They are called the Orange Pride, no longer Vol Hostesses.
They hold paid jobs directed by the admissions office, not the athletic department.
One thing hasn't changed: they're still attractive and personable and a valuable asset in the recruiting wars.
The University of Tennessee's Orange Pride became a household name in the sports world Wednesday.
UT confirmed that the NCAA is investigating allegations detailed in a New York Times story that recruiting hostesses traveled out of state to help woo prospects to Lane Kiffin's football program.
Campus hostesses have been part of the recruiting landscape for decades, at least back to the 1960s. The general idea is that they make recruits and their families comfortable during campus visits.
Groups of attractive coeds used to have catchy names like the "Gator Getters" (Florida) or the "Hurricane Honeys" (Miami).
But that landscape has changed in the 2000s.
Sex scandals, particularly a notorious one at Colorado in 2001, have led to a more defined role for recruiting hostesses.
In 2004, UT renamed the Vol Hostess program the Orange Pride and made other changes.
About the same time Alabama dropped the "Bama Belles" designation of its program. Most schools made similar adjustments under the urging of the NCAA and various conferences.
Though by less fetching names, hostesses still play a prominent role in recruiting.
The Orange Pride has about 75 members, including a handful of male students.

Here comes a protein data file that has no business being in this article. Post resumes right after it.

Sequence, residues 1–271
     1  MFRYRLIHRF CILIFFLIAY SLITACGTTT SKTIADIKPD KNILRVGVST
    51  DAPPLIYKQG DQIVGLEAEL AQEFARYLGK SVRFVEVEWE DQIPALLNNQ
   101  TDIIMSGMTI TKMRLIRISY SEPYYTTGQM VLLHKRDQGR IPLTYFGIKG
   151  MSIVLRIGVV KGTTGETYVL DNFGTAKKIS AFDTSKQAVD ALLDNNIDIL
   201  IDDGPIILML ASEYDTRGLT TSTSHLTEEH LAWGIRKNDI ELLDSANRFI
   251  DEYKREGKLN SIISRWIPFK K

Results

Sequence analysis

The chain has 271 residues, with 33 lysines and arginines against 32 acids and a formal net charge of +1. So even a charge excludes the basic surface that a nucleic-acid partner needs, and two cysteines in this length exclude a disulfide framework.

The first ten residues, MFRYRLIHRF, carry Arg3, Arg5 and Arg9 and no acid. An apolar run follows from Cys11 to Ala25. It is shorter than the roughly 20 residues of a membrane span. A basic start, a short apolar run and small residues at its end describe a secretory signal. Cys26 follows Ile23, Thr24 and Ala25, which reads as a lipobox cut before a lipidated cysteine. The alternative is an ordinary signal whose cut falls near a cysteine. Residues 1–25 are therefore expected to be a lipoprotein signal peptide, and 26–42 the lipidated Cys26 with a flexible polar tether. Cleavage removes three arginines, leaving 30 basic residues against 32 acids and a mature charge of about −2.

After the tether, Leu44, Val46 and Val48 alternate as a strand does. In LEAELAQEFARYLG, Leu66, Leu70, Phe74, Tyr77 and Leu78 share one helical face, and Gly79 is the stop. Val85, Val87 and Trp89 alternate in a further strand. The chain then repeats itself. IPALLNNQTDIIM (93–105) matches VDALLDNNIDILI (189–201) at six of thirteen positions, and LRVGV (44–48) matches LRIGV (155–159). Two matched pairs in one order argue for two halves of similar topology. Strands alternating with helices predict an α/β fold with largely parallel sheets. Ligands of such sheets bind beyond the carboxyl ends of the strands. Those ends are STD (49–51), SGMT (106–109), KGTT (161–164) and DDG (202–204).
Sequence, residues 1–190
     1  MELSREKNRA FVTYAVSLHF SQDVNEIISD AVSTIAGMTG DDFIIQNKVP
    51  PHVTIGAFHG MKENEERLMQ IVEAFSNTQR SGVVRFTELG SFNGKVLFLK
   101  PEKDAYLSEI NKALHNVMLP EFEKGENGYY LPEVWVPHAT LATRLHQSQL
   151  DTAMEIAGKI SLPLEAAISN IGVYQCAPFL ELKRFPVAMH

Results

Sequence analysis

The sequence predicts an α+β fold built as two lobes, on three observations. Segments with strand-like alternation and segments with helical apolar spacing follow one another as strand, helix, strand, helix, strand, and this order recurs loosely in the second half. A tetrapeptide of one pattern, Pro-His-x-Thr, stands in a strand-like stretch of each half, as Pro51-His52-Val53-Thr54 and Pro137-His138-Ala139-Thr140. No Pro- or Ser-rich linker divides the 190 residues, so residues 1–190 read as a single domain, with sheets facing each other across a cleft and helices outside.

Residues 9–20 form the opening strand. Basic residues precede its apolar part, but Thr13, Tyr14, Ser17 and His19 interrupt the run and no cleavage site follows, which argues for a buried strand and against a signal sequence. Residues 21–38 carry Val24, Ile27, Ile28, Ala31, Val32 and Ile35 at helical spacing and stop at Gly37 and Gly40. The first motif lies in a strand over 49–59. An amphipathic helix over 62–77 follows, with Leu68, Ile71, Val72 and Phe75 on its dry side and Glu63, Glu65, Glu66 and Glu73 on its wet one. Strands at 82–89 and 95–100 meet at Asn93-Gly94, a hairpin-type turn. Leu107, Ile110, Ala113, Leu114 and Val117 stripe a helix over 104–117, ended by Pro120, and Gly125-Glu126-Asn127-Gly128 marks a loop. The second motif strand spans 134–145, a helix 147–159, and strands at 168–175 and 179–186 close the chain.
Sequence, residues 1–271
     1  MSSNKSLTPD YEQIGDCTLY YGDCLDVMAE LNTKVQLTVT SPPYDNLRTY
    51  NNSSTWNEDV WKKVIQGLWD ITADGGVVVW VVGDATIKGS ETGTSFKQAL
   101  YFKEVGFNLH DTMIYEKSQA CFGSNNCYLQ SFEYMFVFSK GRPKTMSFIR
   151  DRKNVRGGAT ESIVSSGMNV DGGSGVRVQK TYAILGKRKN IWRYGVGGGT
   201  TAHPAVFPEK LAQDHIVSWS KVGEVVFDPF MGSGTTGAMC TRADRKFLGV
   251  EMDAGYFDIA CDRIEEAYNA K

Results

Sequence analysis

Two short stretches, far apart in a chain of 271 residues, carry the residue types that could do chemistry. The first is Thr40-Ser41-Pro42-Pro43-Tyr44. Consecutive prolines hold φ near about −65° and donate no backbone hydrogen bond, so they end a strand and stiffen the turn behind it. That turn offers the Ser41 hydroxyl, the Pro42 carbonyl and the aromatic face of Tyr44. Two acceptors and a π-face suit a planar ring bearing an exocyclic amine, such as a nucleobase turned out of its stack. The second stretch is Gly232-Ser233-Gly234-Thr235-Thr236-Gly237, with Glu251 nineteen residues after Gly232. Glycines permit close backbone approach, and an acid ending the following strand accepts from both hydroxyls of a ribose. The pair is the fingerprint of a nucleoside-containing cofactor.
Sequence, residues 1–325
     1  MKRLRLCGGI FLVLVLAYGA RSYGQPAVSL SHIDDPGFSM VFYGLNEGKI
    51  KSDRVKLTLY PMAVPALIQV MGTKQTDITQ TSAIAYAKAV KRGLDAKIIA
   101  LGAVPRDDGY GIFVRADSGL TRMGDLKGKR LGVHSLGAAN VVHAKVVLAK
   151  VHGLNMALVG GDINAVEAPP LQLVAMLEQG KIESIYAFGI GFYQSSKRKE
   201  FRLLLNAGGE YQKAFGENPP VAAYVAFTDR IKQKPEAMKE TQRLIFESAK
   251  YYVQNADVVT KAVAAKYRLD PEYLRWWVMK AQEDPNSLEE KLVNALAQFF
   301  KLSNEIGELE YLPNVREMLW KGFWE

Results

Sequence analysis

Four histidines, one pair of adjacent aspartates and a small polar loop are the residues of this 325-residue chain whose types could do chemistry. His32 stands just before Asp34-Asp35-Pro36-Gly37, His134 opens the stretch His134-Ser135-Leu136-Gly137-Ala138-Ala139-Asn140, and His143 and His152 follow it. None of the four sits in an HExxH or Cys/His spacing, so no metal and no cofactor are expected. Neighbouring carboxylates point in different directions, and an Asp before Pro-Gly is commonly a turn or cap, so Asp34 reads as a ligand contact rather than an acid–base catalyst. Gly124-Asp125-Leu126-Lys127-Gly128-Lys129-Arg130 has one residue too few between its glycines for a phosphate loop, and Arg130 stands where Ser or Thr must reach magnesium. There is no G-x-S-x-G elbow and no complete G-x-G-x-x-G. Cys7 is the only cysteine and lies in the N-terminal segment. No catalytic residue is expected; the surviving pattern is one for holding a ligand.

In a Jan. 30, 2006, story in Sports Illustrated, Orange Pride co-captains Gerrin Harrison and Susan Towns wrote that the selection process was very competitive since "some of the UT assistant football coaches sit in on our interviews.''
That is no longer the case, UT spokesperson Karen Collins said Wednesday.
"The interviews are done by the professional staff of the admissions office," Collins said. "Coaches have not been involved (for some time).''
The group is selected through an application process each spring. It is restricted to sophomores, juniors and seniors.
Collins said Orange Pride members are paid by the admissions office and assist in general recruiting functions that do not involve athletes.
Through the admissions office, members list their availability for various time slots. The program is directed by Kris Ann Hawkins, who was not speaking to the media Wednesday.
"Some work a lot and some do the minimum to stay in the program,'' Collins said.
"It's based on their availability. The director of the program works in partnership with the athletic department.''
Candidates are tested for sports knowledge. They also are orientated to NCAA rules and specific Orange Pride regulations, Collins said.
While all schools manage to drop photos of an attractive coed or two in their football media guide, Tennessee is the only SEC school devoting a full-page display for its hosting organization. Georgia includes a small photo of its group.
While hostesses leaving campus to help recruit is unusual - and possibly an NCAA violation - it is apparently not unprecedented.
In a published account in 2002, an Arizona State University hostess said she travelled to a high school to visit a prominent recruit.
The hostess said she paid her own way and wasn't directed to do so by the ASU coaching staff.
UT's Orange Pride lists its mission as follows:
"The primary duty is to promote the university and its strong academic programs, its rich traditions and winning athletics programs to campus visitors and potential student-athletes.''